110,361 refugees returned home and 7,651 departed through facilitated resettlement program (UNHCR Global Trends 2019, p.76; UNHCR Projected Global Resettlement Needs 2021, p.66) 2 When we refer in this document to ‘refugees’, we refer to all persons of concern to the international refugee regime – refugees, asylum seekers, IDPs and stateless persons.
Act as a sustainable and inclusive network for refugee -led organizations regionally and globally, creating regular and consistent space for dialogue between refugee-led organizations to support each other in capacity building and work together to reform refugee policies and programs.
Increase active and meaningful refugee participation in policy making process. Refugees have agency, therefore, APNOR work to ensure that they have an active, effective, and relevant role in the refugee response at the local, national, regional, international level.
To support the strengthening of national refugee -led entities and assist them to influence national policy reform and advance the rights of refugees and other people in need of protection in the Asia Pacific countries, through outreach and sharing of knowledge of resources, mutual capacity strengthening and joint advocacy, education and trainings.
Work towards influencing governments and other institutions to ensure refugee inclusion be made a central pillar within governance structures and operations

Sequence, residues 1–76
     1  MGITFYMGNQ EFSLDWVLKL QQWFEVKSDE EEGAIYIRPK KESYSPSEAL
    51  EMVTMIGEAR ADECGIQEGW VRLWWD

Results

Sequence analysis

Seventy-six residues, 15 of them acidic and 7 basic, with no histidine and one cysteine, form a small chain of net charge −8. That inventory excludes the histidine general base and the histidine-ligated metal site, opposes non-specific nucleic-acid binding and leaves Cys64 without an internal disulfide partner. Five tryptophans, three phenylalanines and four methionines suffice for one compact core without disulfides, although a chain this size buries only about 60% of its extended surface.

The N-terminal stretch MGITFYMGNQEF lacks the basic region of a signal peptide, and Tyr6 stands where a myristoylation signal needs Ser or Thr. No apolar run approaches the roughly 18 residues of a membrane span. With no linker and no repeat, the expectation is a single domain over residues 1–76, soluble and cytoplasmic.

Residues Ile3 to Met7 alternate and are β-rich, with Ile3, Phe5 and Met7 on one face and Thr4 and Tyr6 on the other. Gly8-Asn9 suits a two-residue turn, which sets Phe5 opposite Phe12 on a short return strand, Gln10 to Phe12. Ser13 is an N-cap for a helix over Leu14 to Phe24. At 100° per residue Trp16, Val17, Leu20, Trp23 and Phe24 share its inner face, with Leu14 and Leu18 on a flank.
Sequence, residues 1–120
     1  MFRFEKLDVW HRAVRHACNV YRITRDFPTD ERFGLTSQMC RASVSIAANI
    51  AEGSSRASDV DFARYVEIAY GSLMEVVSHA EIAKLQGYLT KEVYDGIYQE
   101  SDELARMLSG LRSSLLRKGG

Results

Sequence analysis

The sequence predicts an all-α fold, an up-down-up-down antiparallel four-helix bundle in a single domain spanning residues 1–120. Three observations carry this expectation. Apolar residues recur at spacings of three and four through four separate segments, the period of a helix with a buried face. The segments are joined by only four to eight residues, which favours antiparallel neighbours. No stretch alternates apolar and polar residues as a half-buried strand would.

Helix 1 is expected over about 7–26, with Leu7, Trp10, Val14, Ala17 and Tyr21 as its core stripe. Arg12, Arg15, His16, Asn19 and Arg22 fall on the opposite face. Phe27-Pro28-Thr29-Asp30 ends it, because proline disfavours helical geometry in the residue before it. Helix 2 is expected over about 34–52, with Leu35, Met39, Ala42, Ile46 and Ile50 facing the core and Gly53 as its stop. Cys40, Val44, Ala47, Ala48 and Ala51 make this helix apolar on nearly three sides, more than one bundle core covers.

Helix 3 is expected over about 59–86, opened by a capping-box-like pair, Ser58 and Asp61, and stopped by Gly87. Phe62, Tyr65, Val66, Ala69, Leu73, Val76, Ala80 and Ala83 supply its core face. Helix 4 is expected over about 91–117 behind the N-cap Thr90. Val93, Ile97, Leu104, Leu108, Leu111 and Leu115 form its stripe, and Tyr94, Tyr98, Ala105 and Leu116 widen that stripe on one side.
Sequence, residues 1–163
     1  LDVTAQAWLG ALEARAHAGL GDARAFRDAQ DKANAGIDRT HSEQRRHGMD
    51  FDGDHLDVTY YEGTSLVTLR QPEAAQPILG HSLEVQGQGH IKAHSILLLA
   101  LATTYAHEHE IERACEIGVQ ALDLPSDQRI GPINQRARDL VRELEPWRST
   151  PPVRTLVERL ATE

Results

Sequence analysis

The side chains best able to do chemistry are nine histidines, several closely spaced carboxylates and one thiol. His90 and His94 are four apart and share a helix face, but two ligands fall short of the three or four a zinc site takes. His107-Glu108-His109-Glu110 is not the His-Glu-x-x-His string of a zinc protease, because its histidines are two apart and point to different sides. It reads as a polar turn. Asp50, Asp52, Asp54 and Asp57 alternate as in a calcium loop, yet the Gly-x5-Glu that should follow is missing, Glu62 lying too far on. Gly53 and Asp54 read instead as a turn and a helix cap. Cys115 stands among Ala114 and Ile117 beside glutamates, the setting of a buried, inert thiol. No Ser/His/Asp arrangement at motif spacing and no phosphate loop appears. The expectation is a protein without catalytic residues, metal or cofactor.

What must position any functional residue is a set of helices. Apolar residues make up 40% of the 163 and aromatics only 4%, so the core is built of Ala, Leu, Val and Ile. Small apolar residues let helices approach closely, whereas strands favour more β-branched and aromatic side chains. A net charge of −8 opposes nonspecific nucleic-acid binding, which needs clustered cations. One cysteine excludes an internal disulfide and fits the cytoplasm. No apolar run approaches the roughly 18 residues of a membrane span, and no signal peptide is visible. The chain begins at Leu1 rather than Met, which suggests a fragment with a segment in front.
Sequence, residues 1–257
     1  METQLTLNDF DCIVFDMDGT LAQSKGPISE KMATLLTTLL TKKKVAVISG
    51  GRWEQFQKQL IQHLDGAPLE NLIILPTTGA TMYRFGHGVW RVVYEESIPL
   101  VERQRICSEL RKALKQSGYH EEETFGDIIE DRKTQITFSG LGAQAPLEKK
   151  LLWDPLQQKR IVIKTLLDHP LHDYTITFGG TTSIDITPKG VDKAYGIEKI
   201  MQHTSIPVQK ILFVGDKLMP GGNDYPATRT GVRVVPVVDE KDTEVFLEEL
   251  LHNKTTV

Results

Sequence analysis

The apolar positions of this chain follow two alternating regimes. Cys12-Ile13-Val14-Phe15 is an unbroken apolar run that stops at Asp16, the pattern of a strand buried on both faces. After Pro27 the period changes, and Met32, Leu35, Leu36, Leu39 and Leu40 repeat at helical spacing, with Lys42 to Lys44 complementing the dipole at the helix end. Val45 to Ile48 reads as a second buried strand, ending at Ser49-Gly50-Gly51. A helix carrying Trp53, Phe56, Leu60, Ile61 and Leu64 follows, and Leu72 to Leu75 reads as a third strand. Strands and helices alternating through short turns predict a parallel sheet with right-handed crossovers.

Advocacy for greater financial resources and funding as well as removal of structural, political and bureaucratic barriers to ensure refugees are effectively participating in the planning, design and implementation of programs.
Empower Refugees through education by giving refugees the knowledge and skills to live
Promote gender equity and equality through women empowerment.
APNOR’s Agenda for Change is being developed by steering committee made up of refugee leaders from across the region, and through a series of country consultations by and for refugees.
Asia Pacific Network of Refugees (APNOR) is the only region-wide refugee-led network of refugee-led initiatives in the Asia Pacific region that is working with and for refugees. APNOR was established in 2018, on the recommendation of Asia Pacific Summit of Refugees (APSOR).